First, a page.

News from Iran and Japan

Tuesday's World Events   —   Posted on March 13, 2012

IRAN – Iran trains female ninjas as potential assassins

Iranian women train in martial arts.

Three thousand Iranian women being trained as ninja warriors say they will use their martial arts skills to defend the country if necessary.

Scores of black-clad female “ninja” fighters whose ages range from 5 to 56 are just a handful of 3,000 women in Iran who are being trained as lethal warriors at a school in Tehran.

“We train women to have strength and ability. We have to do everything in our power to protect our homeland,” said Akbar Faraji, who runs the school.

One of the fighters who has been training for over 13 years said, “Our aim is for Iranian women to be strengthened and if a problem arises, we will definitely declare our readiness to defend our Islamic homeland.”

Iran has proclaimed advances in nuclear technology, including new centrifuges able to enrich uranium, a move that has heightened its confrontation with the West over suspicions it is planning to make nuclear weapons.

On February 17th, Britain’s Foreign Secretary, William Hague, told The Telegraph that Iran’s pursuit of weapons of mass destruction could trigger a “new Cold War.”

JAPAN – Device to silence incessant talkers created by Japanese scientists

The SpeechJammer

TOKYO | A device that silences incessant talkers or mutes people who talk too loudly has been created by Japanese scientists.

Dubbed the SpeechJammer, the prototype device takes advantage of psychologists’ discovery that it is virtually impossible to speak when your own words are being played back to you with a delay of a fraction of a second.

The gadget has been devised by Kazutaka Kurihara, a researcher at the National Institute of Advanced Industrial Science and Technology, and Koji Tsukada, a professor at Ochanomizu University in Tokyo, and is remarkably simple.

The hand-held device consists of a microphone that is pointed at the speaker and records that person’s voice. It then transfers the sounds to a speaker and replays them back in the same direction with a delay of about 0.2 seconds.

The microphone and speaker are directional so the device can be aimed at a speaker from a distance, like a gun.

“The system can disturb remote people’s speech without any physical [dis]comfort,” the scientists said in a paper reported in the MIT Technology Review.

Their tests also uncovered some unexpected findings, such as that the gun is more effective when the delay varies in time. It also works better when the speaker is reading aloud rather than giving a spontaneous monologue.

Their research also revealed that it has no effect on meaningless sound sequences, such as “aaaargh.”

Kurihara and Tsukada have not spelled out the commercial potential for their invention, but did list some possible applications.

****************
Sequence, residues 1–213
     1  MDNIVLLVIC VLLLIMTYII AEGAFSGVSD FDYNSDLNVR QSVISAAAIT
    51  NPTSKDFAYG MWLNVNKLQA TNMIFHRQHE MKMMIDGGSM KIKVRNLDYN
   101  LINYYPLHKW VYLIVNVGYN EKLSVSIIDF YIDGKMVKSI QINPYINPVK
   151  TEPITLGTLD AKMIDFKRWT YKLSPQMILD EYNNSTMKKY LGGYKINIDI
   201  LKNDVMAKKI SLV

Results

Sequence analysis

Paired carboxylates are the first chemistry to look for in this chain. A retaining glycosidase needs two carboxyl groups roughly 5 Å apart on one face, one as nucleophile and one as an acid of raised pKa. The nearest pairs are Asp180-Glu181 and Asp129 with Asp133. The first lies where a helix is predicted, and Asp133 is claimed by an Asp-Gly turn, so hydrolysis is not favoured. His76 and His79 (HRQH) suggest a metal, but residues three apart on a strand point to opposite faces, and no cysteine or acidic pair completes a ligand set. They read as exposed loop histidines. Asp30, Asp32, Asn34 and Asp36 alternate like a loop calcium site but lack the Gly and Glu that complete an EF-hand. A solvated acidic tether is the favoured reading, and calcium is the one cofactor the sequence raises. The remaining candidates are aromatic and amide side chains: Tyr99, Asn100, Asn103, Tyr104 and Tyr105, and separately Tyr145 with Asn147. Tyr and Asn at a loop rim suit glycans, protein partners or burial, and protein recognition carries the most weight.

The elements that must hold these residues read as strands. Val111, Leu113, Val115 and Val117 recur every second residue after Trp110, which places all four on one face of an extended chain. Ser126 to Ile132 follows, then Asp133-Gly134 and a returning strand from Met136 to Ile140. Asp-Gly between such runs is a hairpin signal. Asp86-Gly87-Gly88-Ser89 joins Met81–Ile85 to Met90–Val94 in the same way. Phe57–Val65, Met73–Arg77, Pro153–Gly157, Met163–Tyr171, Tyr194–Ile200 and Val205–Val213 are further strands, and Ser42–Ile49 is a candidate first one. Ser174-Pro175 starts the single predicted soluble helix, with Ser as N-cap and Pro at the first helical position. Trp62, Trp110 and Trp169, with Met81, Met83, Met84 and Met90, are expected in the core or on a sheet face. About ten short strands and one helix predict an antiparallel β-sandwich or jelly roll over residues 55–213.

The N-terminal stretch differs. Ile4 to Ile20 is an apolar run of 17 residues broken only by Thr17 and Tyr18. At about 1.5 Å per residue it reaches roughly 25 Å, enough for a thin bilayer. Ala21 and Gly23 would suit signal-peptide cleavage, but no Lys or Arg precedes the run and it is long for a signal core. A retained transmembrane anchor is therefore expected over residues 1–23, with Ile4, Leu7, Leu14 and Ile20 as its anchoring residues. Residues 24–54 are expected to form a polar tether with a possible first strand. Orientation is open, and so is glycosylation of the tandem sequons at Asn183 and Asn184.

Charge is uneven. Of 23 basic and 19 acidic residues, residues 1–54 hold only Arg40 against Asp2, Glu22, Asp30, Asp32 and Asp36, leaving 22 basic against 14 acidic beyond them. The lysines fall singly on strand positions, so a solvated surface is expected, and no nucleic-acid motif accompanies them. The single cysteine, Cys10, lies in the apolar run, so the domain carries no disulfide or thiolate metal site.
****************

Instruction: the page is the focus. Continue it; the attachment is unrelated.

They said it could be used to maintain silence in public libraries and to “facilitate discussion” in group meetings.

“We have to establish and obey rules for proper turn-taking when speaking,” they said. “There are still many cases in which the negative aspects of speech become a barrier to the peaceful resolution of conflicts.”

JAPAN – Construction Company Aims to Launch space elevator by 2050

Japanese construction company Obayashi wants to build an elevator to space and transport passengers to a station about a tenth the distance to the moon.

The elevator would use super-strong carbon nanotubes in its cables and could be ready as early as 2050, according to Tokyo-based Obayashi.

The cables would stretch some 60,000 miles, about a quarter the distance to the moon, and would be attached to Earth at a spaceport anchored to the ocean floor. The other end would dangle a counterweight in space.

The elevator would zip along at 125 mph, possibly powered by magnetic linear motors, but would take about a week to get to the station. It would carry up to 30 people.

Up above, the space station would have living quarters and lab facilities. Solar panels connected to the station would generate electricity that would be transmitted to the ground.

NASA has also investigated space elevators, awarding $900,000 in 2009 to LaserMotive for developing a laser-powered robotic climber. Aside from the tremendous technological hurdles involved, while space elevators could significantly reduce space-related costs compared with rocket launches, the infrastructure could cost billions to build.

“At this moment, we cannot estimate the cost for the project,” the Yomiuri Shimbun newspaper quoted an Obayashi official as saying.

“However, we’ll try to make steady progress so that it won’t end just up as simply a dream.”

(The news briefs above are from wire reports and staff reports posted at on Feb. 18 and March 2, and at on Feb. 23.)